The MultiFocusing method consists in stacking seismic data with arbitrary source–receiver distribution according to a new MultiFocusing moveout correction. This method can produce a zero offset section superior to the NMO/DMO stacked section in an automatic manner. The method is particularly useful in situations of low fold and/or low signal-to-noise ratio.
Unconventional reservoirs have a unique set of problems. Most production wells are drilled horizontally through the reservoir rock and hydraulic fracturing is applied to increase permeability in the reservoir. The pre-drilling knowledge of natural fracture corridors and small offset faults is very important in this case. Seismic resolution from conventional reflection imaging is generally not sufficient to resolve such small scale rock properties. Diffracted waves are events generated by small scale subsurface heterogeneities and discontinuities (including fractures). Detection and imaging the diffractive component of the total wavefield opens a new perspective to find and characterize fracture zones in carbonate environment.
The MultiFocusing imaging technology is able to describe not only reflection but also diffraction events from conventionally acquired seismic data and is performed in the pre-stack domain. By optimally summing diffracted events and attenuating specular reflections, an image that contains mostly diffraction energy is being generated. Synthetic and seismic studies are indicating a direct relationship between fracture density and intensity of the diffractivity. This phenomenon is being exploited to use seismic to directly map zones within unconventional/tight reservoirs that are naturally fractured. The MultiFocusing diffraction imaging methodology makes it possible to extract the weak diffractive element from the overall wave field and suppresses the strong specular events.
The generalized approach of the MF method of moveout correction allows processing of data acquired with irregular acquisition design and is very useful in cases where the subsurface is highly complicated.
The core of the Multi-Focusing stacking, based on paraxial approximation and dynamic ray tracing, is its Fresnel-zone basis for defining the large number of traces used in the stacking procedure. The resulting traces have a more densely sampled source-receiver distribution about each output location which allows the output dataset to be easily regularized.
The MF method not only provides coherent stacking of seismic data with arbitrary source-receiver distribution, creating high-quality time images, but also yields enhanced and regularized prestack gathers. In areas where acquiring aregular 3D dataset is impossible due to difficult terrain or high
population density, conventional gathering and stacking often results in shallow gaps in coverage. Stacking these regularized,enhanced gathers can often ‘heal’ these gaps in coverage.
The interpretation of faulted systems is an essential step in E&P business, from a proper understanding of
prospects to optimal development well placements. The identification of fractured zones within a reservoir,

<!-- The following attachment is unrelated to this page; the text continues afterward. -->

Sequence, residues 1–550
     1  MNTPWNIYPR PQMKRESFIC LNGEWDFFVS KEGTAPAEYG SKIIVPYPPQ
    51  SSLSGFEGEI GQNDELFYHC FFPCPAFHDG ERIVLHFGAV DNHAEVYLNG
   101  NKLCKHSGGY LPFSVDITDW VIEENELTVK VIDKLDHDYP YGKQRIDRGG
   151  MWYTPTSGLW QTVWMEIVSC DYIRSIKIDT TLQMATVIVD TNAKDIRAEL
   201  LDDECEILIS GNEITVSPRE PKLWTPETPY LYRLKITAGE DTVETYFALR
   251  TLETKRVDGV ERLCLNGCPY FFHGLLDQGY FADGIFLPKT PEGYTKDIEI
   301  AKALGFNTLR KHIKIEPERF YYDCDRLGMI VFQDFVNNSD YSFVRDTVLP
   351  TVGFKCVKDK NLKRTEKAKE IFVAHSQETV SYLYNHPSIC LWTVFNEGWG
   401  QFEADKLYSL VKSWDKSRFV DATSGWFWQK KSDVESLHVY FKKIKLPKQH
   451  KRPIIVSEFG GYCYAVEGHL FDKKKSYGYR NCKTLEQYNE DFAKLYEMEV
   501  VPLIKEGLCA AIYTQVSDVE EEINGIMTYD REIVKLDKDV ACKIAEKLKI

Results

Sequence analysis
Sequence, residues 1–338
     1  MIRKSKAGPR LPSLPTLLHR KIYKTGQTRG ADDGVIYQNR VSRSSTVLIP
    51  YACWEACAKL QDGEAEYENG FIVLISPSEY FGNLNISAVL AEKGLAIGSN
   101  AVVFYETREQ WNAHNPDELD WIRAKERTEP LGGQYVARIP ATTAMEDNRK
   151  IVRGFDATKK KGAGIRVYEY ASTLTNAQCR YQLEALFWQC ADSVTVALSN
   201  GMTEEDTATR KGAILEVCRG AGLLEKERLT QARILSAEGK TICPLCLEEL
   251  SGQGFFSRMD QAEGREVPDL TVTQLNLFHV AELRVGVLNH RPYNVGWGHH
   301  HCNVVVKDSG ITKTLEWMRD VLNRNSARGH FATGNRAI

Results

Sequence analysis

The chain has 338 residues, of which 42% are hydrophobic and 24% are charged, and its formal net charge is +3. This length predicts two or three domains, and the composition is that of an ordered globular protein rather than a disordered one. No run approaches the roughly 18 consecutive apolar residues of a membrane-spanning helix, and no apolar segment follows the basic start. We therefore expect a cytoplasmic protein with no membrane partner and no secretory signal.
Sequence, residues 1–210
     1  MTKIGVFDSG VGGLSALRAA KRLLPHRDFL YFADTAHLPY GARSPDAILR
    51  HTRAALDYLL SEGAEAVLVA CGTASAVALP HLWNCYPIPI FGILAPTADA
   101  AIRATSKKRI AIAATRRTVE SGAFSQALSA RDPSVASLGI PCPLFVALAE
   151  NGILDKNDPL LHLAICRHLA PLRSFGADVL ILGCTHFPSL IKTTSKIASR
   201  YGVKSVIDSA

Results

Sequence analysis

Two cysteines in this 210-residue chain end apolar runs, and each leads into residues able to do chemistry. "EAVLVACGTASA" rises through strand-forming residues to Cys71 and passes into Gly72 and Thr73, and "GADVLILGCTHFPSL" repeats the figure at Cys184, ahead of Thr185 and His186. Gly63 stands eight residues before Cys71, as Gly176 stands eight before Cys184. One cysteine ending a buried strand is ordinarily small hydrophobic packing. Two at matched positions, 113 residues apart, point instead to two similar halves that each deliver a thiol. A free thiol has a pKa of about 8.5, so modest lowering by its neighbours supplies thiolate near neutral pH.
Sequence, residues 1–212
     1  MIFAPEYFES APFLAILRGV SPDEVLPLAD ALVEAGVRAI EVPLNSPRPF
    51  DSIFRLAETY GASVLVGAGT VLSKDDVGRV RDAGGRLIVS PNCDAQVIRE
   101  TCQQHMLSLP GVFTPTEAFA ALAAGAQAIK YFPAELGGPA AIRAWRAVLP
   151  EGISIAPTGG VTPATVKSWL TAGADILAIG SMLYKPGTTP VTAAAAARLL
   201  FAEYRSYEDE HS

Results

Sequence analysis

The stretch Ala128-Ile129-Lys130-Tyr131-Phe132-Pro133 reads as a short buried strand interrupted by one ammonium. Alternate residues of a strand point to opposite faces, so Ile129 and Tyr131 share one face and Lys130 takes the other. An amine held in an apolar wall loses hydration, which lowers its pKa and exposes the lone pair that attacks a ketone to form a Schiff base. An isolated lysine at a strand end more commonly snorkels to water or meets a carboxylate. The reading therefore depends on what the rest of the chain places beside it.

usually characterized by sub-seismic faults, is often neglected, while it can add significant value to the
development of a project. The present case study is focused on the very prolific Algerian Ordovician tight
reservoir target. It highlights a structure at the end of an appraisal well campaign, where an integrated fracture
reservoir study had been performed in order to track efficiently subtle fault corridors.
The utilization of advanced seismic attributes using the MultiFocusing technique has proven valuable when
determining the detection and extension of fracture corridors within the reservoir. At the well locations, results
matched reasonably well with the fracture orientation and density interpreted from cores, borehole images and
DST interpretations. This approach has a great value when planning well trajectories, for production predictions,
and eventually for locating any future development wells in the area.
Kinematic wavefront characteristics of primary reflected waves can be used to predict and attenuate surface-, as well as interbed multiples. In order to estimate kinematic wavefront characteristics directly from unstacked data the common-shot-point homeomorphic-imaging CSP HI. method can be applied. This macro-model-independent method is based on a new local moveout correction that depends on two wavefront parameters: the emergence angle and the radius of wavefront curvature of a reflected primary wavefront. These parameters can be estimated by optimizing the semblance correlation measure, calculated in the common-shot-gather along the travel time curve defined by the new moveout correction. In the case of local maxima in the semblance functional, an automatic maximization procedure might lead to a wrong estimation of these parameters. In order to avoid such a situation, we propose an interactive, horizon-based implementation of the CSP HI method, which allows manual picking of the optimal wavefront parameters along the seismic line. Afterwards, we use the estimated emergence angles for the prediction and attenuation of multiples, based on the simple but powerful idea that any multiple event can be represented as a combination of primaries.